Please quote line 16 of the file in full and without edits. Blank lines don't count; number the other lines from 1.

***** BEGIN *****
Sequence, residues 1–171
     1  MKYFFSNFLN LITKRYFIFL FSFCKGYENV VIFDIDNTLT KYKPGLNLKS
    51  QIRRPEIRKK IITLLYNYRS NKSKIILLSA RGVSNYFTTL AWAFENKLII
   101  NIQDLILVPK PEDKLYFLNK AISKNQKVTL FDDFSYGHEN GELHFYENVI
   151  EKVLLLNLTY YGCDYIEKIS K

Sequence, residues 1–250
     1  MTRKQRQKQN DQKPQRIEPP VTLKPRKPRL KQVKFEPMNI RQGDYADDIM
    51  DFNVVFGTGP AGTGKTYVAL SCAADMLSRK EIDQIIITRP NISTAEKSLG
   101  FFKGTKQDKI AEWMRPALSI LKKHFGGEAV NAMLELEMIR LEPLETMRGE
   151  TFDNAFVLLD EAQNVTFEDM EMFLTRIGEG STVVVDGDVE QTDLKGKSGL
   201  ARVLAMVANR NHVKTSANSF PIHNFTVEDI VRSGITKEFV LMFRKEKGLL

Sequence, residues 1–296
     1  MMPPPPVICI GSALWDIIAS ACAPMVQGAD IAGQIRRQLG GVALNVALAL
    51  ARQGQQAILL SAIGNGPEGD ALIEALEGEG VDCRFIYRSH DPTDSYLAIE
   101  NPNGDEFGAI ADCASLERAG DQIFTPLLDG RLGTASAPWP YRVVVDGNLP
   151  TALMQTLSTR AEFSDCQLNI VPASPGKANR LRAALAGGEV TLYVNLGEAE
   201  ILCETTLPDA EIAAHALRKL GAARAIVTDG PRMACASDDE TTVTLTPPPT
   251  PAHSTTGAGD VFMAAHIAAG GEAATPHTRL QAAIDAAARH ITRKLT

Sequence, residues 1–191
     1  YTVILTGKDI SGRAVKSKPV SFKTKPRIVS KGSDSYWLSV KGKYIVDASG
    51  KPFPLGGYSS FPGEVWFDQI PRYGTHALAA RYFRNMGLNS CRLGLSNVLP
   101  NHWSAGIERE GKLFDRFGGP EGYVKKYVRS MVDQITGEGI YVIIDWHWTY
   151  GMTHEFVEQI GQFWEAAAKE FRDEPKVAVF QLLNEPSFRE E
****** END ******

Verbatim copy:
   151  TALMQTLSTR AEFSDCQLNI VPASPGKANR LRAALAGGEV TLYVNLGEAE